her possessions in North America east of the Mississippi except the city of New Orleans. 
At the same time France ceded to her ally, Spain, New Orleans and, all her possessions west 
of the Mississippi as an indemnification for the losses which Spain had siitTered during the 
war. In exchange for the captured Havana, Spain ceded to England her possessions of 
East and West Florida. It was at this time that England extended the limits of the Colo- 
ny of Georgia to the Mississippi River on the west and on the south to latitude .Sl° and the 
St. Mary's River." Deuky's Hist. U. S. 

Ho7i. James Habersham. ig 

such a declaration, the first you are sensible we are very un- 
able to bear, and on the latter should a War on these parts 
ensue, we should be equally perplexed. The state of the 
Colony should those unhappy Events be the consequence 
is too well known to you, for us to enlarge on the Subject ; 
We must therefore most earnestly entreat you to leave no 
step unpursued that can tend to make our very critical situ- 
ation properly known, and to procure such assistance as will 
eflfectually shield us from this and any future danger. 
If we may give our opinion, we think the least expensive and 
least dangerous method to humble these Savages for their 
repeated Insults would be to stop all trade and communi- 
cation with them under the severest Penalty's in which Vir- 
ginia, North & South Carolina and the two new Colony's 
must join without reserve, and that perhaps wou'd be best 
done by an express order from England, otherwise it would 
answer no purpose, but before that. Our Frontiers, now 
absolutely naked and exposed, should be guarded and de- 
fended, and if the Cherokees, Chickesaws and Chactaws 
could be induced to annoy the Creeks at the same time, and 
it's supposed they might, they would soon comply with our 
just and reasonable demands. We have too long experienced, 
that no Treaty's will bind them, and that only fear and In- 
terest prevail, and while they can go on to murder and con- 
sequently plunder the Inhabitants with Impunity, they are 
encouraged to reiterate their Villanys, as well as from their 
Thirst of Shedding blood, as from the spoil they obtain ; and 
in this state of uncertainty, it cannot be supposed, that this or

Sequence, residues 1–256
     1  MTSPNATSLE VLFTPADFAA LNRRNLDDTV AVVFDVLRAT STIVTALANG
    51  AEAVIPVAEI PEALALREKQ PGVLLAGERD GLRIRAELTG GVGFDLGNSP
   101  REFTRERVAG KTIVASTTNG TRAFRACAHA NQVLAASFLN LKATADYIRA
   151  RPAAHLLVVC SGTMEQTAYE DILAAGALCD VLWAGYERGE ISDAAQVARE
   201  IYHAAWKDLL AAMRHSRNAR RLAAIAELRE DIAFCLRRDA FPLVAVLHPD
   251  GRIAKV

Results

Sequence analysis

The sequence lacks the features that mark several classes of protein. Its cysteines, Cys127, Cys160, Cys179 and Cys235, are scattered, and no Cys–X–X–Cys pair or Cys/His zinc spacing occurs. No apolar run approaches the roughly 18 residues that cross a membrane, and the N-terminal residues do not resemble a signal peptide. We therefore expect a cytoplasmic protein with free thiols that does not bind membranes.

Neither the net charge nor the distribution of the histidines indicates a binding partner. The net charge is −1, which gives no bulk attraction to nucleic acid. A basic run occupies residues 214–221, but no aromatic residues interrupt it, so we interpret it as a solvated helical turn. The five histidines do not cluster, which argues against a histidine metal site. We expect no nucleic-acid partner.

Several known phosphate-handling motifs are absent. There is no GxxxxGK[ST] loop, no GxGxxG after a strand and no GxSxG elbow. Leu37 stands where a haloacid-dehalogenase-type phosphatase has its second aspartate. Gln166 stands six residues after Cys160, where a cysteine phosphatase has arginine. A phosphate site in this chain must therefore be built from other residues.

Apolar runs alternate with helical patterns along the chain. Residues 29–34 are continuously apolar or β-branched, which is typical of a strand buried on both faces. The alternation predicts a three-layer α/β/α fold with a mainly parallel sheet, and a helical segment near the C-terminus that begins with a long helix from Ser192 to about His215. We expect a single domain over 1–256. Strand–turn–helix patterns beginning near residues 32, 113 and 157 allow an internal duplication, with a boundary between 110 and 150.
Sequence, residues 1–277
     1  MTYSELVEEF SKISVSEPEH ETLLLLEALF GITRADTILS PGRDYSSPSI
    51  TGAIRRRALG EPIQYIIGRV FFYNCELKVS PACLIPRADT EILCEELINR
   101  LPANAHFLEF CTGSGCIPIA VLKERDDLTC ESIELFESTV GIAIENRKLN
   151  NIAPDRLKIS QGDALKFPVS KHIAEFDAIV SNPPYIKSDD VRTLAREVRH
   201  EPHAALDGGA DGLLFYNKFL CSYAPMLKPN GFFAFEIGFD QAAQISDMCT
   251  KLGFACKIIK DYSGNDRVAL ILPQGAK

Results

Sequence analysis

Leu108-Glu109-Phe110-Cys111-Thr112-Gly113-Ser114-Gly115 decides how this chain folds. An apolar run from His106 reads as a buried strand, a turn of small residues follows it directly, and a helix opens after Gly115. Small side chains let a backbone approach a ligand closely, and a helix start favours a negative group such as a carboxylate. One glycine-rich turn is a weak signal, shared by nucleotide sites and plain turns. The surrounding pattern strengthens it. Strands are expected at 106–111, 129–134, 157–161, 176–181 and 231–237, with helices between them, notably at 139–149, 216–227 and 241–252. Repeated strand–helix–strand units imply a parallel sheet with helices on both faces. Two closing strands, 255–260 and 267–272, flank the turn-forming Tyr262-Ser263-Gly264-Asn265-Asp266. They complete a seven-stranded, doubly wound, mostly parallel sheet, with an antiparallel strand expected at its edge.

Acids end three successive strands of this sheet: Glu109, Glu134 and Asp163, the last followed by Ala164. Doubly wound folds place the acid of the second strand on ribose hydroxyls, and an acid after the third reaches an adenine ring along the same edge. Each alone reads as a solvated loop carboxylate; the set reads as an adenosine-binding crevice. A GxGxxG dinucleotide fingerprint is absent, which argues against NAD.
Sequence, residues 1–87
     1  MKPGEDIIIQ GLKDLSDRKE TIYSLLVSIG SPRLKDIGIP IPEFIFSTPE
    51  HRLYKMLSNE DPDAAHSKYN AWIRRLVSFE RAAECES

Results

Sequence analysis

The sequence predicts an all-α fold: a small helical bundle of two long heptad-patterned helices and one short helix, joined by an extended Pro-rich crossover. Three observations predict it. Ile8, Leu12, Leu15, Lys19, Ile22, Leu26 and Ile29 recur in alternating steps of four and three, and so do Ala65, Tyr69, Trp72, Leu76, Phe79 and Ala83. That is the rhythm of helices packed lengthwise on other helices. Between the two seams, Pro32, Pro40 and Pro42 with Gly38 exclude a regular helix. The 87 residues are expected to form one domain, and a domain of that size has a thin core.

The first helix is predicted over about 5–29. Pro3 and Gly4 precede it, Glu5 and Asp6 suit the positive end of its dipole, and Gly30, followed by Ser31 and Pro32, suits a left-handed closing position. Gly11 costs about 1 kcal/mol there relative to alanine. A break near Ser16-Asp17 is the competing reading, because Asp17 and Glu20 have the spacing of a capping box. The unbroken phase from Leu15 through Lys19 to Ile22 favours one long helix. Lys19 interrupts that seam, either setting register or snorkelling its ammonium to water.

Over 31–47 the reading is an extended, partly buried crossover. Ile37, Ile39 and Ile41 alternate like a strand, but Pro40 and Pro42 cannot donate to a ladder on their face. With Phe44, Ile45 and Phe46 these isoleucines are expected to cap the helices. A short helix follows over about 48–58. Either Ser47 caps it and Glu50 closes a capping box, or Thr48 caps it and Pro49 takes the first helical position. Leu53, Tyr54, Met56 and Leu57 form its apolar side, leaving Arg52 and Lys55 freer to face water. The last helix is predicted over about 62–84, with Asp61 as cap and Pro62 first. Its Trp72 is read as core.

the two new southern Colony's can arrive at any degree of 
Stability, or be so settled as to protect themselves, but must 
rather remain an expence, than advantage to the Mother 
Country. - 

We have wrote you so fully on the subject of the Lands 
South of the Alatamaha, that it leaves us no room to say any- 
thing further on that head, any more than on that of procur- 
ing Ordinance & Stores. We find that of late many persons 
by virtue of old Grants in the time of the Lords Proprietors 
of So. Carolina pretend a right to several Tracts of Land 
in this Province, many years since settled and improved, this 
matter may with great propriety, when Alderman Bakers 
Lands (word illegible) under your attention, be then adverted 
to, we hope you will not (word illegible) it. 

We remain Sir 

Your ms. hble Servts. 

20 The Letters of 

London Messrs Deberdt and Barkit 

Savannah in Georgia the 31st March 1764 * 

I was lately at the Northward to visit two of my 
Sons at New Jersey College, where I very unexpectedly had 
the very agreeable Pleasure of meeting our mutual and my 
very dear old Friend the Revd Mr. Whitefield, of vv^hom, you 
have doubtless frequent accounts from your Correspondents 
in those parts. By my last accoimts, I find, he left New York 
about the middle of January to proceed to Boston, where I 
doubt not the same divine Blessing will attend his Adminis- 
trations, as it did apparently at Philadelphia, Jersey and New 
York — such attentive and numerous Congregations I never 
saw. God grant that his usefull and valuable Life may be 
preserved. His afifairs here are as well as one could expect, 
but his Presence is doubtless wanted, however I dont expect 
him 'till the Fall of the year, when the weather will be more 
suitable to his present languid state, as a cold climate seems 
to brace up his decayed Nerves, 

To Wm Knox In London 
Savannah in Georgia the 31st March I764t 
Dr Sir 

I cant well slip this opportunity of writing to you the' 
I have very little to say, unless I may have Cause to chide 
you, as I think it is near 9 months since your last letter, that 
has come to my Hands, was dated I will not say that you